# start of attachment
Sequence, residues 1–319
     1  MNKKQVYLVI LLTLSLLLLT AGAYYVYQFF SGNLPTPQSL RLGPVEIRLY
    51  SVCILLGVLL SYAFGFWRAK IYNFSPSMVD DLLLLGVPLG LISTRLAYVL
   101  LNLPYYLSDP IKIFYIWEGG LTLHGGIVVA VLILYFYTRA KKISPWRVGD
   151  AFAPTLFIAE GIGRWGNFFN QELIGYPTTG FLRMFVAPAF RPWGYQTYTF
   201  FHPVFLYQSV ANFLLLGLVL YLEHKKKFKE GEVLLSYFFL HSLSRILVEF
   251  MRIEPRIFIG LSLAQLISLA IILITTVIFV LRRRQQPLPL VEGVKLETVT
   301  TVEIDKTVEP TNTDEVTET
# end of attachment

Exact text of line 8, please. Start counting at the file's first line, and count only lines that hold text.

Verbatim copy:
   301  TVEIDKTVEP TNTDEVTET